Last year, a local chapter of the national Sierra Club was formed in Carlisle. Launa Zimmaro, who was instrumental in creating the local branch, noted that the Sierra Club is one of only a few comprehensive environmental organizations in the United States and that it has a wealth of informational resources on a wide range of issues that can be used to support effective local education and action. She said that the Carlisle group was formed, “to provide a grassroots-level of action for members interested in becoming more involved and active regarding town environmental and energy issues.”
Zimmaro explained that when Carlisle citizens were concerned that pesticides might be reintroduced on the playing fields as a cost-cutting measure, Carlisle Sierra Club was able to turn to the extensive work done by the national organization’s pesticide study and action group for information to support continued organic maintenance of the fields.
Carlisle Sierra Club has sponsored the Carlisle School Garden/Compost/Local Food to School project and with Carlisle Climate Action it has sponsored the town-wide anti-idling campaign. It has also supported passage of the state-wide E-waste and Updated Bottle bills, it continues to collaborate with the town Household Recycling Committee on effective waste reduction practices and it provides support for local initiatives to develop renewable energy sources in town. Future projects include a local effort to reduce the use of disposal shopping bags. For further information contact firstname.lastname@example.org.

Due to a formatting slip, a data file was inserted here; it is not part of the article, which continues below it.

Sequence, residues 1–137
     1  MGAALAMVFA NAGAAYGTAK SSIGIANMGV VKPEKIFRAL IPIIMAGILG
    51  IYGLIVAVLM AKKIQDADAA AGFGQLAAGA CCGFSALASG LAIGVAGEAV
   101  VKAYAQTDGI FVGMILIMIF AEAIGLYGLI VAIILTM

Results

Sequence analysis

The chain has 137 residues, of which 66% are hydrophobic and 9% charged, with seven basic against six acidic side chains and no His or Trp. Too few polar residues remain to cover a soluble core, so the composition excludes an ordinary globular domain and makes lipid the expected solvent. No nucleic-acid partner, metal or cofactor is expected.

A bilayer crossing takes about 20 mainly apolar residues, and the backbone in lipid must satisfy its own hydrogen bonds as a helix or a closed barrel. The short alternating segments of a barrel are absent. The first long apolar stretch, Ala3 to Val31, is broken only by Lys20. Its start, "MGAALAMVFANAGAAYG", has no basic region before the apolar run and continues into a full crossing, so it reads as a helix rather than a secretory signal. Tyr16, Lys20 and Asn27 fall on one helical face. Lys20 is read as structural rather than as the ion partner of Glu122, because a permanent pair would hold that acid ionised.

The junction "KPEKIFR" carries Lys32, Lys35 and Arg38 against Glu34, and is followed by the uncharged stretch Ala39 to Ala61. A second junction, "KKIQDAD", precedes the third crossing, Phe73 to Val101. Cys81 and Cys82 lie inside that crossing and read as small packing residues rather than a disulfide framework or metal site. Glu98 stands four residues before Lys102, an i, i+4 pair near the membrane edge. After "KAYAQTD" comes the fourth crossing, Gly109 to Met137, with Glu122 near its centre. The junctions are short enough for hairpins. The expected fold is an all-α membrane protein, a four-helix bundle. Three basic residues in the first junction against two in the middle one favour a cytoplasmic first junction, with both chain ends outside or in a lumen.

Rwanda Biogas Project
St. Irene Parochial Vicar Father Romain Rurangirwa is from Rwanda and parishioners have recently raised funds for the construction of a biogas production plant there, at the Virgo Fidelis Seminary. According to their web site (www.stirenes.org), the parisioners contributed over $30,000 for the project, “which will provide an environmentally sustainable source of fuel for the seminary and the surrounding village.” Once construction is complete, “the seminary will be cooking with biogas instead of consuming what is left of the surrounding forests.”